The Hawaiian Monarchy
"Kamehameha's Crown: a History of the Hawaiian Monarchy"
by Stephen R Bunford, 2011
Has anyone else read Stephen Bunford's book Kamehameha's CRown: a history of the Hawaiian monarchy (published by Wordclay 2011, ISBN 9781604819458)? I found it fascinating and full of information. I was particulary drawn to Queen Emma and the sad Princess Kaiulani (who was half-Scotish) - worth a read in my opinion.
Did this book just come out you said? I have not heard of it but will definitely look it up. Are you interested in the Hawaiian Monarchy? What else have you read or do you know?:flowers:
New book on Hawaii
The book is on Amazon as being published in November but I've not seen it mentioned anywhere. It's nice to see books about more obscure royal families. The other thing I like about this book is that it covers the royal family from the overthrow of the monarchy right up to modern times.
Kamehameha's Crown: a history of the Hawaiian monarchy
Author: Stephen R Bunford
Published: 8 November 2011
A compelling account of the Hawaiian monarchy from 1810-1893, detailing the many different characters who ruled the kingdom. It examines the external influences that contributed to the end of their rule, whilst also looking at Hawaiian culture and the impact that western influences, such as Christianity, had on the rulers. Importantly it explores the monarch's own characters, how they ruled, how they lost the throne and the influences their descendants still have today in Hawaii.
"Lost Kingdom: Hawaii's Last Queen, the Sugar Kings..." - Julia Flynn Siler
"Lost Kingdom: Hawaii's Last Queen, the Sugar Kings, and America's First Imperial Adventure"
by Julia Flynn Siler
Hawaii's lost kingdom - Fortune Features
"Lost Kingdom: Hawaii's Last Queen, the Sugar Kings, and America's First Imperial Adventure" is the story of an island grappling to hold onto traditions in the face of burgeoning capitalist powers. If you happen to check out the recently released comedy drama, The Descendants, Siler's book suggests why perhaps George Clooney's character, Matt King, a descendant of Hawaiian royalty, struggles to sell off land his family has held for generations. Though the film is based on Kaui Hart Hemmings' 2007 novel, Siler captures its backstory -- essentially what Hawaii was then and what it has evolved into today.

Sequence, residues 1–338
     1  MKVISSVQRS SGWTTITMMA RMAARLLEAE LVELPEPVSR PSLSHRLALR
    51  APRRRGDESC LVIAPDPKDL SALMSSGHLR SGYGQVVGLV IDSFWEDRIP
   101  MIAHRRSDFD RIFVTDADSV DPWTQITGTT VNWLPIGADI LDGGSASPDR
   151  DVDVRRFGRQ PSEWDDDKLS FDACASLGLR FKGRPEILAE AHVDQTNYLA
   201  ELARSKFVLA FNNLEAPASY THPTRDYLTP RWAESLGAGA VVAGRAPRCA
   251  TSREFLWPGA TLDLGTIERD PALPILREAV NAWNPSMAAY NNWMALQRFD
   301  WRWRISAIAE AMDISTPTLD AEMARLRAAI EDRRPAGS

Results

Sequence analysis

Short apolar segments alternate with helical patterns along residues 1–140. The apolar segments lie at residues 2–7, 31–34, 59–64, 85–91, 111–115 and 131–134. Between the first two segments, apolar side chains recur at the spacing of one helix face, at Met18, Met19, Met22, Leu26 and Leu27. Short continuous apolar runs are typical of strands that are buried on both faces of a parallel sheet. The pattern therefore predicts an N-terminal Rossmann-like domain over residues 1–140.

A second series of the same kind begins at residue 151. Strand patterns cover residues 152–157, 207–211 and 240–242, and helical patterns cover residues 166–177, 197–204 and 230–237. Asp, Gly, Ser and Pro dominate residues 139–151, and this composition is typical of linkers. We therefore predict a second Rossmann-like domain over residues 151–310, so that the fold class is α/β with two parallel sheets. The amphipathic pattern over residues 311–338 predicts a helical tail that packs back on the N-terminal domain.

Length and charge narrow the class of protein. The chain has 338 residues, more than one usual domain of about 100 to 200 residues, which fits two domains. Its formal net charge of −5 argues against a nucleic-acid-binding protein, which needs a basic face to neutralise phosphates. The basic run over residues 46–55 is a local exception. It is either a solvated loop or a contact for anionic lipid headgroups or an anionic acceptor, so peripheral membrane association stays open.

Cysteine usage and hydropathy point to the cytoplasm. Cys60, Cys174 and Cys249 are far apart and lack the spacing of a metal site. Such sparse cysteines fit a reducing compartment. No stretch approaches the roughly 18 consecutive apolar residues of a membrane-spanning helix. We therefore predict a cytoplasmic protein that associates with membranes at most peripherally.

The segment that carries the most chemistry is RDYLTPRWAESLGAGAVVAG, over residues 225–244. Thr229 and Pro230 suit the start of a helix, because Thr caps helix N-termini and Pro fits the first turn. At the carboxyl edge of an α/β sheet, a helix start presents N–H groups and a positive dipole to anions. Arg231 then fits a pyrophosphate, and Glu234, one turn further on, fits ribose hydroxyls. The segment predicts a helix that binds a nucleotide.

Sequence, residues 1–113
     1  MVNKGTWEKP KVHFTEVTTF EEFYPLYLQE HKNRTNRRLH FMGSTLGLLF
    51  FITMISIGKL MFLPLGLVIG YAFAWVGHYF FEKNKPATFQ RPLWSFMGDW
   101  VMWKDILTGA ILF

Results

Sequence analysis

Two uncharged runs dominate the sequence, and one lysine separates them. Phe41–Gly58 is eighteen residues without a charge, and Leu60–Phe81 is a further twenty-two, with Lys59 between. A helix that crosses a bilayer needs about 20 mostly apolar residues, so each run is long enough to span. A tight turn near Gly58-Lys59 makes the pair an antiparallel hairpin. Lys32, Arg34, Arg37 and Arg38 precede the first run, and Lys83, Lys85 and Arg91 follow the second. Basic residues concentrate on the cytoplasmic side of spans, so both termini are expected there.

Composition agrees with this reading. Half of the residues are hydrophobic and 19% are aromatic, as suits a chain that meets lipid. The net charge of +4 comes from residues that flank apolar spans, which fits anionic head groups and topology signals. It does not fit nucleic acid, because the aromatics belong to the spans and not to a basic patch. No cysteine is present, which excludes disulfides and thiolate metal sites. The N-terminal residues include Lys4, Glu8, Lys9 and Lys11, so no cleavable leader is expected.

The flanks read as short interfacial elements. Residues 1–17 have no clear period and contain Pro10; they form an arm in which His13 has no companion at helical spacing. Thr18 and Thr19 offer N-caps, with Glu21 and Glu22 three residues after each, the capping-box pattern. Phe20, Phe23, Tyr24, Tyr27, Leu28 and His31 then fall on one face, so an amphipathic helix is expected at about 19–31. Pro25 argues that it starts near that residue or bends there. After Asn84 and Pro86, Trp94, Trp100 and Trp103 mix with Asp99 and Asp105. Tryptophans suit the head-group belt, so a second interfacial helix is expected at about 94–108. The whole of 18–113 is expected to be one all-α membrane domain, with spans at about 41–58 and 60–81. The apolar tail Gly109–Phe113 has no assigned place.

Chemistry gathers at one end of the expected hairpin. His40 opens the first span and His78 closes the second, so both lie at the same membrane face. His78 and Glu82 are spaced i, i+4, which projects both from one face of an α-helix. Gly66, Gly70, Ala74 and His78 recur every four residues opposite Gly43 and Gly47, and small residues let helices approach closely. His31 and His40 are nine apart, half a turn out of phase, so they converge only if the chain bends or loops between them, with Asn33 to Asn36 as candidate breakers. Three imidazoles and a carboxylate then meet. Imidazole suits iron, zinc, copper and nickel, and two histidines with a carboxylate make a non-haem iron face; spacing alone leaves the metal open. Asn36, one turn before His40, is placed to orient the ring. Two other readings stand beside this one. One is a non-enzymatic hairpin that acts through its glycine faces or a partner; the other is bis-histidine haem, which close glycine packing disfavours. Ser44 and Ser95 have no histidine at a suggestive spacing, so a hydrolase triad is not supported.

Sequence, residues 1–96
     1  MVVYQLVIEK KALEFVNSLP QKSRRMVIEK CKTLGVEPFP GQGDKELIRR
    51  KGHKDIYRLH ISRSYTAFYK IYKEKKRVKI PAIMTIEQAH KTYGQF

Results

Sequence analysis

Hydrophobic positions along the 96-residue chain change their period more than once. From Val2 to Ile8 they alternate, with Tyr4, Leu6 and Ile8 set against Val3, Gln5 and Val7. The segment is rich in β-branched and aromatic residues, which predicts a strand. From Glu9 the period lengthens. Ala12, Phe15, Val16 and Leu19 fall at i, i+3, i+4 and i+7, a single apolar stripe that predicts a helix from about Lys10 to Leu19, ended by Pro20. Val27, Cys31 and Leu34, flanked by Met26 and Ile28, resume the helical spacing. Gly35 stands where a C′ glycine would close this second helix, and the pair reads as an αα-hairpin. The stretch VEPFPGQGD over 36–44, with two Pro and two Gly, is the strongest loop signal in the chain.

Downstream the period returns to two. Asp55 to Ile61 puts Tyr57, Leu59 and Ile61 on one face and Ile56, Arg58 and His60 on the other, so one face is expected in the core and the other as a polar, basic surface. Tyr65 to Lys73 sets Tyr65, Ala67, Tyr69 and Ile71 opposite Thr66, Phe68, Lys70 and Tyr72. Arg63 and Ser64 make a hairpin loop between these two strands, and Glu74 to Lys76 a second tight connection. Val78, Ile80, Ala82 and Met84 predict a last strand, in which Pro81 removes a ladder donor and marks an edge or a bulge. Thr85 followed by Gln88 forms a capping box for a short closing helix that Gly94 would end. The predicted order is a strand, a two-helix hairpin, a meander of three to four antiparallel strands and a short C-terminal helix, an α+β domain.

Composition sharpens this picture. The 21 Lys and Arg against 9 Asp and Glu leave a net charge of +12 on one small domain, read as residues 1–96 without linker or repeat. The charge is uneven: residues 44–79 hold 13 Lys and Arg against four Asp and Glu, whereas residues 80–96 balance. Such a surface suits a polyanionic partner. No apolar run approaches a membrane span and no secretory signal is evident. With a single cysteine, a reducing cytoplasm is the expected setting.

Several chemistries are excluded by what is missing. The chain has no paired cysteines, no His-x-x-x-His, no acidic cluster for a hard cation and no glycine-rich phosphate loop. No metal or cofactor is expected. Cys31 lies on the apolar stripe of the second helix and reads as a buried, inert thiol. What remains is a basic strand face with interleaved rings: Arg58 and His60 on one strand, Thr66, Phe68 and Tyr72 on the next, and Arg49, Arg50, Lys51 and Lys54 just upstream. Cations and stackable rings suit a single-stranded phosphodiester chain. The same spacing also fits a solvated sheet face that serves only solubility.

-> -> read an excerpt here (will come up as a pdf document).
The Last Queen Of Hawaii | On Point with Tom Ashbrook
v cover of "Lost Kingdom: Hawaii's Last Queen, the Sugar Kings, and America's First Imperial Adventure"
reproduced as promotional material
Julia Flynn Siler: Lost Kingdom - Books - Baltimore City Paper
The book is an in-depth exploration of the events leading up to Hawaii’s annexation by the United States. A longtime journalist, Siler is able to stick to the facts while producing a riveting, fleshed-out account.
Throughout much of the book, Siler follows the life of Queen Lili‘uokalani, or Lili‘u to those close to her, and the former monarch proves to be a fascinating protagonist.
Excerpts from Lili‘u’s own diary entries and letters guide the reader through her journey from passive, missionary-trained child to strong-willed queen fighting for the rights of native Hawaiians.
Rather than use force to stave off an American takeover, she knew that a more peaceful and diplomatic route would avoid bloodshed. Siler clearly describes Lili‘u’s perspective without it feeling contrived.
She also breathes life into the cast of characters surrounding the ruler, clearly portraying their personalities, intentions, and backgrounds.
OpEdNews - Diary: The Royal Families In The Hawaiian Islands and the Problematic Masons/Freemasons
Remembering the Criminal dethronement of Queen Liliuokalani by Americans in 1893 with the help of U.S. President Benjamin Harrison, U.S. Congress, England, and the Morgan bankers, et. als.
"Wrongful Dethronement of Queen Liliuokalani Anniversary Special: THE ROYAL FAMILIES...and the Problematic Masons/Freemasons"
One more review on Julia Flynn Syler's book 'Lost Kingdom' (see post #6 above).
'Lost Kingdom: Hawaii's Last Queen, the Sugar Kings, and America's First Imperial Adventure' by Julia Flynn Siler - The Washington Post
In Julia Flynn Siler’s new book, “Lost Kingdom,” we get a close look at how foreigners from Germany, Britain and the United States jockeyed for influence and schemed to take over the government during Hawaii’s last few decades of independence.
Siler’s experience as a reporter for the Wall Street Journal serves her well as she depicts the figures who brought down the islands’ monarchy. She suggests that, given the imbalance between those global powers and the tiny island nation, its conquest was inevitable.
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